Aatish Taseer’s latest novel, Noon, despite being a slim and incredibly easy book to read, is not an easy one to describe. It is composed of four unequal parts, each longer than the last, with a prologue and epilogue. All the sections are bound together by the presence of Rehan Tabassum, the child of an Indian Sikh woman and a Pakistani Muslim father (similar to Taseer’s own life), although some sections are from his first-person perspective, and others from a third-person perspective.
Through the four stories of Noon, a reader follows Rehan from his early childhood all the way to the present day. A reader is walked through an evolving, triangular relationship between Rehan, his mother and his grandmother; the changing social dynamics between India’s new business elite and the decay of its old, compromised feudal lords; an investigation into a robbery; and finally the power play within a politically and economically powerful family in Pakistan. Closely observed, and finely told, the stories have atmosphere and resonance.
All the stories are about an elite group of people. That may make sense while describing the whiny Rehan Tabassum alone, but it doesn’t do all that much to illume what is happening in the societies of India and Pakistan, where the stories are set. Bulgari, Cartier and a host of other brand names litter the pages of Noon. The only desi cultural reference is to the late artist M.F. Husain, who is not even recognized properly by the characters populating an upper-crust dinner party.
Farmville: The characters in Noon are most comfortable in Delhi’s sumptuous farmhouses. Photo by Pradeep Gaur/Mint.
Noon presents a reader with flats in Golf Links and a farmhouse on the outskirts of Delhi. There are dinner parties for ambassadors and royalty, spas at five-star hotels, but few insights. It comes as no surprise that rich people have little idea of what their servants are up to. Nor is it a shocking revelation that the police use all sorts of coercive measures to interrogate the poor.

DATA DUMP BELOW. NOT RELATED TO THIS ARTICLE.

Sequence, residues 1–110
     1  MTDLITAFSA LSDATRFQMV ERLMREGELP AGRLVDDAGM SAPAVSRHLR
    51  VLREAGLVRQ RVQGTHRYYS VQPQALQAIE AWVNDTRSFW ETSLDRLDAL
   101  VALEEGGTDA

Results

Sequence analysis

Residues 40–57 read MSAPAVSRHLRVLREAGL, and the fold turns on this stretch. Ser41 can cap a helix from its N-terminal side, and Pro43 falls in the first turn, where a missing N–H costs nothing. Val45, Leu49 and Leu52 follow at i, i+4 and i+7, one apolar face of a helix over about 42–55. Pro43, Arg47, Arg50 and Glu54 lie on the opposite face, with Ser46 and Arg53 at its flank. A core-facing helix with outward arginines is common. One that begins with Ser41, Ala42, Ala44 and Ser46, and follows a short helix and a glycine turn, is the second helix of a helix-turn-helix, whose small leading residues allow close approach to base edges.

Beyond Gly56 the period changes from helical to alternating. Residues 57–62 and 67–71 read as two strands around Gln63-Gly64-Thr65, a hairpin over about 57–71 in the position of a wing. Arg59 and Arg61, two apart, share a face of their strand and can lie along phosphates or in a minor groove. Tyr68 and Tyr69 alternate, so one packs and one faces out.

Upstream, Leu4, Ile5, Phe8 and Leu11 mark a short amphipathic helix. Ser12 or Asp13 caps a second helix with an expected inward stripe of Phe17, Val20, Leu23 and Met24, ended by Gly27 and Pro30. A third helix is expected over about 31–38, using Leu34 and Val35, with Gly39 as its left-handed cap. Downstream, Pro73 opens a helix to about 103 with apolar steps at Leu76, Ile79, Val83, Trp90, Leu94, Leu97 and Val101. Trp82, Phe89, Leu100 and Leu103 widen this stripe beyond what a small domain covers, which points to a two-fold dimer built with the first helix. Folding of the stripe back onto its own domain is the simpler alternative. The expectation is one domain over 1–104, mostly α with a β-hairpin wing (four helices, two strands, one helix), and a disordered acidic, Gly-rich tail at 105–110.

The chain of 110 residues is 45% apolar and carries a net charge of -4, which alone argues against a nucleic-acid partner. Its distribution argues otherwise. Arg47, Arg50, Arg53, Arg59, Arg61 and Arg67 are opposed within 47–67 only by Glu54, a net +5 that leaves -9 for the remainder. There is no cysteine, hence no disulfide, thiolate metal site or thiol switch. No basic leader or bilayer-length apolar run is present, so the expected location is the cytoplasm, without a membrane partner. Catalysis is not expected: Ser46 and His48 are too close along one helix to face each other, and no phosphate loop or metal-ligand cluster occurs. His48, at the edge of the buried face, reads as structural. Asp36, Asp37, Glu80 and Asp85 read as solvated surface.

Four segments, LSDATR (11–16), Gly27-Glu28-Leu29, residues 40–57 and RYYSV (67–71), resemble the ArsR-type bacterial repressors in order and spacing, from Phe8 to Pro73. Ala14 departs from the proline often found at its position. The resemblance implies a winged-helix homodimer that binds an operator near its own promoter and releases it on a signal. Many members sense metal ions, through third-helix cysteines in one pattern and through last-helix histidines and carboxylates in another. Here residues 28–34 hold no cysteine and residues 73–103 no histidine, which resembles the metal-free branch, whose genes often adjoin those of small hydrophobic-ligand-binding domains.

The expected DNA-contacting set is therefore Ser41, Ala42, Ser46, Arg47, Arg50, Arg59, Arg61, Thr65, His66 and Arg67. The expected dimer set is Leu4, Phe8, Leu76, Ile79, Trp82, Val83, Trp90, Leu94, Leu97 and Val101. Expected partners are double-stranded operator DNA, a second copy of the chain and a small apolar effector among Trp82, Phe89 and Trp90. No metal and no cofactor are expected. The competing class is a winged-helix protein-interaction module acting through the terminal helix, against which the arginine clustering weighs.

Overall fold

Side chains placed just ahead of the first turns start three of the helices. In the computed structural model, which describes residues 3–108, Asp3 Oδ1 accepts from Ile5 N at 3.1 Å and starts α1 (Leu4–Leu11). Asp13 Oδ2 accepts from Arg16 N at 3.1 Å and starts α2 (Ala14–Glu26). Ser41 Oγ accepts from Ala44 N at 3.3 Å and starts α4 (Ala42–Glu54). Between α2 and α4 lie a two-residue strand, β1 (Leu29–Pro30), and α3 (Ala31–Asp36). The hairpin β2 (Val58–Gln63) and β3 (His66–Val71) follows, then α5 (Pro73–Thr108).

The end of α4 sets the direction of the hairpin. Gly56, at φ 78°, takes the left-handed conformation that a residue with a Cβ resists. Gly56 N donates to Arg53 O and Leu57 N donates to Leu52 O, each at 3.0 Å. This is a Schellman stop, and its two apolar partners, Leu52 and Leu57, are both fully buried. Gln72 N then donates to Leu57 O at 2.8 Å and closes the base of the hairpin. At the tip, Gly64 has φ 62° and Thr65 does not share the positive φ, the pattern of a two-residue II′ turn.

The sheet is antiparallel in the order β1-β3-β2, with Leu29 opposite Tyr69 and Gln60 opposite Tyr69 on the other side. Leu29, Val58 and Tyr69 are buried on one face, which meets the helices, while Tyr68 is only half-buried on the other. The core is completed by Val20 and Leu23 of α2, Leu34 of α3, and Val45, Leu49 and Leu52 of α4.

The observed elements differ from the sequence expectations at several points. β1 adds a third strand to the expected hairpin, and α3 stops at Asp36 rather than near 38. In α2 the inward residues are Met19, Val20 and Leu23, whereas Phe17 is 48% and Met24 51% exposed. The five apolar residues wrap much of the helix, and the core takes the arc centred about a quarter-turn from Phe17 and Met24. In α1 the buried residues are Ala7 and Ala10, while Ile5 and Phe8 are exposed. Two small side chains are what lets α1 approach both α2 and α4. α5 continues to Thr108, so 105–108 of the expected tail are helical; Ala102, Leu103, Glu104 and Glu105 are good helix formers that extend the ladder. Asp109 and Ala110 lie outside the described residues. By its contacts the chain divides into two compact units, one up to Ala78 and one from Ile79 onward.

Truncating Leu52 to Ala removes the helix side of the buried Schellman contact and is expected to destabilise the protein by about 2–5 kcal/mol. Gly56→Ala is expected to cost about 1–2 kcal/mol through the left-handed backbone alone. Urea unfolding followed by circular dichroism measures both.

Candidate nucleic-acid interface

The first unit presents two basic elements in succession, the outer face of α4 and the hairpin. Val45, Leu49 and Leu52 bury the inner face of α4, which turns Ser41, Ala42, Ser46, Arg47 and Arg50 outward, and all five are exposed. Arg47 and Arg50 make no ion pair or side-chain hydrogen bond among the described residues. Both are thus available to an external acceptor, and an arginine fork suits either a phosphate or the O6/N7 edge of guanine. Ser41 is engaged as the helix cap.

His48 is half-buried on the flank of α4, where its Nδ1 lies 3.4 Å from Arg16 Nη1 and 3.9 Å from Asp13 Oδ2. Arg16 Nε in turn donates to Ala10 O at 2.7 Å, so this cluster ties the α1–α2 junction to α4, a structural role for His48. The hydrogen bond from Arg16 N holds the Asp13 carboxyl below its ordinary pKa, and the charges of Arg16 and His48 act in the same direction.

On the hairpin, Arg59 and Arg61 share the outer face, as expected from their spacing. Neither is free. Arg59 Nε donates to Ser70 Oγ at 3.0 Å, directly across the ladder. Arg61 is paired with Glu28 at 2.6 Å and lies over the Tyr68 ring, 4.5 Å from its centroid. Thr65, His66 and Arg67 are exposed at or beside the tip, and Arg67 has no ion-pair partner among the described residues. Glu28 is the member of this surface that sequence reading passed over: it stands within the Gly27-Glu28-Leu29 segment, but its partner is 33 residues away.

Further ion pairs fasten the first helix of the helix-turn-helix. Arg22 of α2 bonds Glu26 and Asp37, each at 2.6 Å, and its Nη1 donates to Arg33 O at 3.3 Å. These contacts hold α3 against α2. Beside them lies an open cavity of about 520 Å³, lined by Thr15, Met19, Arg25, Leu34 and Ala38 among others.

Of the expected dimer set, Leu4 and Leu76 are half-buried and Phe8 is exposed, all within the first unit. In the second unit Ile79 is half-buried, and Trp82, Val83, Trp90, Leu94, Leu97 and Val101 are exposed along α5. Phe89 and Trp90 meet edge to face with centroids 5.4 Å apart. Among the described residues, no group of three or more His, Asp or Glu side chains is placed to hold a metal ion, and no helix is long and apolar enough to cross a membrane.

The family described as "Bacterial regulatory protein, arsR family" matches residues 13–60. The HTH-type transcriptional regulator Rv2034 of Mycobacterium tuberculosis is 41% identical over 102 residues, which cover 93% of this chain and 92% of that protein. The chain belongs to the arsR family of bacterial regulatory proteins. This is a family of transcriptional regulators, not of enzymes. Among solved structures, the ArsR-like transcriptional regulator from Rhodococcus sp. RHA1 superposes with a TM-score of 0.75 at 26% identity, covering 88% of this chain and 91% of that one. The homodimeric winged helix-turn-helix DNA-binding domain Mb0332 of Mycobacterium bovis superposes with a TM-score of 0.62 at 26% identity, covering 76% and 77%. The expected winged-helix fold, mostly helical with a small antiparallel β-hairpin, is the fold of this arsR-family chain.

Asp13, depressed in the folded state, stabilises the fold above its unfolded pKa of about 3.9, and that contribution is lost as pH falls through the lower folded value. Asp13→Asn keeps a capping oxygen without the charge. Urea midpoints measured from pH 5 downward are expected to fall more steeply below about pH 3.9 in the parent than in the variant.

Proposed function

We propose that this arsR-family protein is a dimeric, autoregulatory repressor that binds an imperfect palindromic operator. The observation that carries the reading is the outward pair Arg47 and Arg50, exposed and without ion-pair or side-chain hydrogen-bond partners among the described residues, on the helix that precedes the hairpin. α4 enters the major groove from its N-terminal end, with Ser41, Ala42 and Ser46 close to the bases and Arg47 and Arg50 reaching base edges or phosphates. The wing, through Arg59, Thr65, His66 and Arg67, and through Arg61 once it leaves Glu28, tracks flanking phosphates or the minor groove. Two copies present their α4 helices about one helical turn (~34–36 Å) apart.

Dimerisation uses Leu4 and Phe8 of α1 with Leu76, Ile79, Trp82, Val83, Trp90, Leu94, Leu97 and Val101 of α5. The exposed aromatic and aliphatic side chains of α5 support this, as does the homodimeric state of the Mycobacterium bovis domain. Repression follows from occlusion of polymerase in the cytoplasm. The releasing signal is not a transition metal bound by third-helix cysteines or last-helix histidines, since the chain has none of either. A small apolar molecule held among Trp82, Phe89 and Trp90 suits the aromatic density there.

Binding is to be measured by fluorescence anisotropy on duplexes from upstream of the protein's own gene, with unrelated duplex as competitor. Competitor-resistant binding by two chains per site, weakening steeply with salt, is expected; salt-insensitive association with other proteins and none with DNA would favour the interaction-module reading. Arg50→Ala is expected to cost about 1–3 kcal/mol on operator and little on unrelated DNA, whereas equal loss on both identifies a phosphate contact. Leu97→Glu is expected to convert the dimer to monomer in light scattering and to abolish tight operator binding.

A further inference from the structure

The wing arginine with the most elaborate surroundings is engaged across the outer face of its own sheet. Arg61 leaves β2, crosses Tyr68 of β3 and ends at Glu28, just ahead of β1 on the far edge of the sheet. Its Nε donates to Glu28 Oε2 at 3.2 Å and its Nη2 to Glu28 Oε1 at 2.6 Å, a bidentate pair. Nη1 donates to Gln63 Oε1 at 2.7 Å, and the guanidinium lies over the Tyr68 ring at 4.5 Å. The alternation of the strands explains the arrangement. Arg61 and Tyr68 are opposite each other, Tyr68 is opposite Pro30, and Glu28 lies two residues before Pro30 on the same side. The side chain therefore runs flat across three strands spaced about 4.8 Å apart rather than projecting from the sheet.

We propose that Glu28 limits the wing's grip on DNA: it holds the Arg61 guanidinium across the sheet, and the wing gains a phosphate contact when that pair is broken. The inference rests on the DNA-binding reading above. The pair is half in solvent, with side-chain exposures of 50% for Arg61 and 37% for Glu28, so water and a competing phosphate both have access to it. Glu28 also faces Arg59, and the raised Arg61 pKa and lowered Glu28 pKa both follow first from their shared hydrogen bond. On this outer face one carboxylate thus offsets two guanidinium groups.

All the events in Pakistan happen within the air-conditioned interiors of posh restaurants or the houses of the rich. A political demonstration outside is described, not experienced. The gay brother-in-law to Rehan’s father is portrayed as a scheming, cowardly nobody—his homosexuality apparently what makes him “a court eunuch”, for which we are even supplied an appropriate Greek word from history.
Noon: Fourth Estate/HarperCollins India, 239 pages, Rs 499.
Rehan’s half-brother is a damaged, petulant child, needing and resenting his father’s attention, and letting it all come out in deviant sexual behaviour.
Taseer’s latest novel does a great job showing the lives of a tiny, gilt-edged minority, the crorepatis and their catamites, whose problems seem to have little in connection with the places they live. Their connection to the rest of the world is through their servants, the people who open their doors, wipe their shoes and who are the brutalized weapons in the petty games of rivalry and jealousy. Unfortunately, Taseer also tries to portray and comment on the wider societies through the mouths of his characters. Their descriptions of that wider society are all similarly condescending—consisting of second-rate Naipaul-isms.
When Rehan goes to the servants’ quarter, he observes that it has the “stale, sweet servant smell (he) has known all (his) life”. The police who come to investigate are caste caricatures, with the Jat as the bumbling, aggressive fool at the bottom, “sly and cruel, his humour bawdy”. His superior officer is of an undefined higher caste, and it shows in his clothes, language and competence. A yet more senior officer is a Brahmin, of course.
Why the police have this strict caste hierarchy is never explained or remarked upon. Why the elite are above caste is not even considered. In Pakistan, Rehan’s half-brother expounds on visions of purity, and how the cause of all of Pakistan’s misplaced anger stems from “that same vision of purity on which (it) was founded”.
The epilogue is a series of blog comments on events in Pakistan. These descriptions and expositions on the larger South Asian political scene are the weakest part of the book. The sheltered nature of the elite lives that Taseer describes so well makes these commentators completely unbelievable when they comment on the rest of society. This adds little to the book, none of it good, and could have been left out entirely.
In six words
Where the rich secede from reality
Omair Ahmad is the author, most recently, of Jimmy the Terrorist, winner of the 2011 Vodafone Crossword Book Award for fiction.
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